BACK in my halcyon student days, a friend claimed to have found a revolutionary dating book to change our lives.
The Rules, written by US authors Ellen Fein and Sherrie Schneider, advocated that a woman should play hard to get, never split the bill and that sex on the first date is verboten, akin to romantic suicide.
Among the book's many gems: "Be feminine. Don't tell sarcastic jokes - be quiet and mysterious, act ladylike, cross your legs and smile. Don't talk so much.
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"You may feel offended by these suggestions and argue that this will suppress your intelligence - but men will love it."
In short, it was belittling, insulting, sexist tripe. "To heck with that," we declared, before punting the book into the nearest bin. Now, some two decades on, Fein and Schneider have published an updated version, providing a lofty set of teeth-grating ideals aimed at the digital generation.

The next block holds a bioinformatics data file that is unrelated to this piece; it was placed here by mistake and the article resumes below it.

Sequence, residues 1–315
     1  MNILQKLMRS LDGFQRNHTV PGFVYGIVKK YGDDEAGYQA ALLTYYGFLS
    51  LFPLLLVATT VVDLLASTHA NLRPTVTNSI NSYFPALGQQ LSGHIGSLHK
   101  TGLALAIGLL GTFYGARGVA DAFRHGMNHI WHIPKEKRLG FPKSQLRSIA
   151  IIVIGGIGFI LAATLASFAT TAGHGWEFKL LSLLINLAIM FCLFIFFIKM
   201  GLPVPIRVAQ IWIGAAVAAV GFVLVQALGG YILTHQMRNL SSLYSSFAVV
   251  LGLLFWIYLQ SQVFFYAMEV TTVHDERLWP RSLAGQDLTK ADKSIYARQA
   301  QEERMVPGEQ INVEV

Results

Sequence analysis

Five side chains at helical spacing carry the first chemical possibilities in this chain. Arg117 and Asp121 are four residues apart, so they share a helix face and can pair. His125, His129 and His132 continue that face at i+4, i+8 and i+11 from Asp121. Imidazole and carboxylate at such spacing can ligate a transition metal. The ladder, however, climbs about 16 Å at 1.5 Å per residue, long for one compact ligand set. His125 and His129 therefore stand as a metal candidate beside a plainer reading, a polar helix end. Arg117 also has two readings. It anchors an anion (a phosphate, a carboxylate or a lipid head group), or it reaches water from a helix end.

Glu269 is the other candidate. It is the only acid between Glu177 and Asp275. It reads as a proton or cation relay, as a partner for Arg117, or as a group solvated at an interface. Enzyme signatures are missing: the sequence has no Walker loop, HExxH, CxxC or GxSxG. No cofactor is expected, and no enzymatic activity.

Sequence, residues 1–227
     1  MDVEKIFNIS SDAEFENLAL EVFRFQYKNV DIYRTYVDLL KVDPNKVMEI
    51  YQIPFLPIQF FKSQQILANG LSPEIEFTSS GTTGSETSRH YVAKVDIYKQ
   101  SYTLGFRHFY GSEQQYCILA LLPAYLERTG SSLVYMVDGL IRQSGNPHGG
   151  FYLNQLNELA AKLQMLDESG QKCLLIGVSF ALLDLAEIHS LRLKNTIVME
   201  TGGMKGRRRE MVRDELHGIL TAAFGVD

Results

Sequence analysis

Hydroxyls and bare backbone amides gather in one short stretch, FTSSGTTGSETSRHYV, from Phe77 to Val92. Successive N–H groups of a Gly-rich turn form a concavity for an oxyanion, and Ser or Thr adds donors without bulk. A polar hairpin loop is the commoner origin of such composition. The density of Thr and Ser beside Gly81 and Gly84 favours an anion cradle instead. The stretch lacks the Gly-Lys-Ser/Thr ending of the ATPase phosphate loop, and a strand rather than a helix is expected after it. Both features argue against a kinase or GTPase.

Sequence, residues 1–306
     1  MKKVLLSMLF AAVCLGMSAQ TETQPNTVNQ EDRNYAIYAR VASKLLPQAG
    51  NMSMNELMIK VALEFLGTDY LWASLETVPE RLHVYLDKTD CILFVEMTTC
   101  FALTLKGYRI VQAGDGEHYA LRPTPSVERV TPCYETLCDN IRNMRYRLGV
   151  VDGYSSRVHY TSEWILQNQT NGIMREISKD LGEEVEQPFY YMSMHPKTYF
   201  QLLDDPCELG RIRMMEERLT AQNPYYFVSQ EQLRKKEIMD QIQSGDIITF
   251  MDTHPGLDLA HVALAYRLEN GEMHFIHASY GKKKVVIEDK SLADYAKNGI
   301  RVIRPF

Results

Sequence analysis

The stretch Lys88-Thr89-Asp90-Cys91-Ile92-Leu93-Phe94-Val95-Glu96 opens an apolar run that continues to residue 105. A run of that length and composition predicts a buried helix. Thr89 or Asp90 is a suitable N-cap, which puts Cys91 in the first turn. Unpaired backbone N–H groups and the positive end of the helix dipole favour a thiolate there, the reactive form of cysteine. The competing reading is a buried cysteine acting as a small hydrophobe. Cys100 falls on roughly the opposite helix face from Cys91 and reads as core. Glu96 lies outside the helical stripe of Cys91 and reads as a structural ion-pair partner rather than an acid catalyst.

Apparently, in this romantically challenging social media age, we ladies should be a "CCUAO" which, rather than being an acronym for a deathly dull quango, actually stands for "Cyberspace Creature Unlike Any Other".
Pearls of wisdom include waiting "at least four hours to answer a guy's first text and a minimum of 30 minutes thereafter". Weekends, meanwhile, "from Friday, 6pm to Sunday, 6pm" is a "blackout period", which sounds less like stoking the flames of amore than navigating a hotel booking system.
There is complex mathematics involved: a first date (coffee) should last no longer than one to two hours; a third date (dinner and a movie), a maximum of six. It also decrees: "Don't Answer Texts or Anything Else after Midnight" (a blatant rip-off of the plot of Gremlins).
But here's the deal-breaker: The Rules 2 insists "heavy drinking and dating do not mix". Effectively rendering it useless for 99.2% of the general Scottish population.